He gathered the brushes up, trying to tidy up his space. He was so tired, though, and his feet ached after all that standing. In a concession to his exhausted body, he slumped into the wooden, straight-backed chair for a brief respite. Combatting the allure of sleep, he studied the failed canvas staring back at him. No, not failed, he softened, unfinished. He felt a new confidence that something would come along and show him how to complete this picture. The winds of inspiration would whip up again. For now, he simply studied it.

The background was foggy, a mist of trees and clouds that melded into a surreal landscape. He was very fond and proud of the way the limbs of the trees jutted out of the fog, mixing their solidity with the ephemeral fog. It was a beautiful juxtaposition, he granted. The foreground, however, was where he lost that delicate touch and realistic edge.

He had wanted to show the werewolf in mid-transformation, blending human and animal in fluid brushstrokes. It had come to him in a moment looking at the face of his dog, seeing his own human face reflected in the canine eyes. He would make the eyes the central piece, turn the body into a mirage of human and animal so that no one part was clearly either one. But the eyes would be wonderfully human and ferociously lupine. Unfortunately, it was the eyes that now gazed at him with drying paint, dull and lifeless under the yellow lights.

Carter walked to the painting, intending to set aside the reminder of his wasted evening, but a sudden sharp, barking noise gave him pause. In the newly minted silence, a new sound filled his workshop, echoing off the bare walls and concrete floor. It was a growl, deep and rumbling. Carter looked around, expecting to see Jonesy with his hackles raised at some imagined villain, but the loyal dog was nowhere to be seen. He followed the sound, and it led his eyes back to the canvas, where the creature’s mouth-snout was rippling with sudden energy. Now, the eyes were alive.

From the impossible blend on the canvas, the creature began to take shape. It merged out of the paint just as the animal features had flowed seamlessly from their human. One moment it was flat shapes on a canvas, and the next it was jutting into the world as if it had been molded. His mind reeled with what was happening as the growl grew louder. There was now a glistening line of saliva on the lip-jowls. The arm and paw now existed in three dimensions, reaching out from the canvas. Carter stumbled back away from the frame, his eyes affixed to it in horror.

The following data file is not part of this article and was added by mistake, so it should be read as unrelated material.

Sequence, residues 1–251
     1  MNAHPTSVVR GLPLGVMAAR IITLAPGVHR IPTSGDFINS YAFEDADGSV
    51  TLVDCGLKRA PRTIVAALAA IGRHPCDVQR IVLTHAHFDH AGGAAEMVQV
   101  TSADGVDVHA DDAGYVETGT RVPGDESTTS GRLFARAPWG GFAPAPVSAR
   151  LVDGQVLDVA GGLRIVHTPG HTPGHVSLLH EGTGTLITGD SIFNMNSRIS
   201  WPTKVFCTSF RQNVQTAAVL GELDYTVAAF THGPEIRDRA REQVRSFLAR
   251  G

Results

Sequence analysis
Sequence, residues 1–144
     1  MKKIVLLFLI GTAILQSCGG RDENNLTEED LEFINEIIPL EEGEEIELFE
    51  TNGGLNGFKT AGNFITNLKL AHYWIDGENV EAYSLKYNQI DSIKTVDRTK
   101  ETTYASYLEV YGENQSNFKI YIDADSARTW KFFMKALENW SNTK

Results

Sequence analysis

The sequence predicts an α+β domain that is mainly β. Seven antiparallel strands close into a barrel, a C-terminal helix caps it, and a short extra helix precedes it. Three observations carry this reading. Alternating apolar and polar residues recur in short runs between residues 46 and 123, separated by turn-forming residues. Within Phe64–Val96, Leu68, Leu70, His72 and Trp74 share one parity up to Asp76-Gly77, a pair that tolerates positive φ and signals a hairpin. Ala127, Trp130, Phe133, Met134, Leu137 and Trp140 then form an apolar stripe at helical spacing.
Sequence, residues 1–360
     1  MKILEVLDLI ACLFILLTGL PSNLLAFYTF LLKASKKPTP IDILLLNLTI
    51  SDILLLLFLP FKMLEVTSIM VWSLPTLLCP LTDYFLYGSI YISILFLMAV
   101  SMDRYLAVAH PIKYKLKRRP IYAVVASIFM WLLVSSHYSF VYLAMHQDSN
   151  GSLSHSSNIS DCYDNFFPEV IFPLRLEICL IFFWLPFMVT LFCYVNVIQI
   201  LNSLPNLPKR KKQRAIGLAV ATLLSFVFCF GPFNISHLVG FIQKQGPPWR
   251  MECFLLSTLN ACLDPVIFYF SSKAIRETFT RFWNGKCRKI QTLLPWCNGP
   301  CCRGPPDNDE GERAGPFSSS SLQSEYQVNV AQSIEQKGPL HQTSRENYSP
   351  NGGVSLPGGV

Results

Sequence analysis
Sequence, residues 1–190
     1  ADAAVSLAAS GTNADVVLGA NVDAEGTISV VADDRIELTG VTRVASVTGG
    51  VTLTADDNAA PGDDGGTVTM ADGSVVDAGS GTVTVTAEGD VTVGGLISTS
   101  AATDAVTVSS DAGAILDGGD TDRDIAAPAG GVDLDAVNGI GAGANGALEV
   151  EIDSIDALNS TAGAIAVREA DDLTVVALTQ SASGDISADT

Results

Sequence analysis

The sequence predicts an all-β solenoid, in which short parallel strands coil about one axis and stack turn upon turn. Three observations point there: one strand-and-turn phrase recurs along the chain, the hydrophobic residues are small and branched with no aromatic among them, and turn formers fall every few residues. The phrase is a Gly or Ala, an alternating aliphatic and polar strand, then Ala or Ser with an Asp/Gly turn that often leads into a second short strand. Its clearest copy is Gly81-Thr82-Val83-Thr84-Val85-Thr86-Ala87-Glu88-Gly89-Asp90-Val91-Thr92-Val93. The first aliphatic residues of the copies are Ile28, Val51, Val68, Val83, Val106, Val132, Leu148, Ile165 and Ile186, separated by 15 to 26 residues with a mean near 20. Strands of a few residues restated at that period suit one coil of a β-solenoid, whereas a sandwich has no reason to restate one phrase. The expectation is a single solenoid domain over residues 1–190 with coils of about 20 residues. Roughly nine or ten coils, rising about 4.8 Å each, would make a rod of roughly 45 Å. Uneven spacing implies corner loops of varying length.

He watched all the imperfections of his artistry fade away into the perfection of reality as the creature emerged, struggling against the fabric of reality and sanity. The paint seemed to stretch and grown as it took on flesh, and Carter was captivated with equal parts amazement and terror. It was not until the head broke through and the jaws began to snap that he found his feet and ripped out of the workroom.

Carter slammed the door behind him, hearing snarls and howls echo off the enclosed space. He gazed distrustfully at the cheap wooden door. Jonesy was barking, a sound which barely registered in his mind over the suspiciously human and utterly inconceivable growl.

He grabbed Jonesy’s collar and rushed towards the door. All thoughts but escape had fled, and Carter was left scrambling across the linoleum floor towards the exit. Jonesy leapt and growled, barked and whimpered, twining about his feet. In an instant, Carter felt his feet fly from the floor, his body hurtling towards the metal door separating him from freedom. And then, there was darkness.

The dull glow of morning brought him back to consciousness, along with a throbbing ache in his forehead. There was a sticky splotch of blood on the floor, corresponding to the odd stiffness of his face. He stretched, looking around and trying to remember what had led him to such flight. Jonesy sat beside him, carefully licking his hand as he saw his master awake.

The impossible events filtered back, and Carter felt foolish. Fumes, he reasoned, I shouldn’t have spent hours enclosed in that room. He gingerly lifted himself off the floor and walked towards the firmly closed door to his workshop. There was a slight hint of trepidation as he reached for the doorknob, but the light of day and the power of reason chased away his doubts. With sudden courage, he yanked the door open.

Inside was his canvas depicting a scene of fog and trees, a strange void existing prominently in the foreground. Outside, glass lay scattered about his window, leading off into the city streets with paint-stained footsteps, not quite animal and not quite human.


I went a bit  more literal with today’s, but I think it worked out. Hope you enjoyed it!

Creative Commons License
This work by Katherine C is licensed under a Creative Commons Attribution-NonCommercial-ShareAlike 4.0 International License.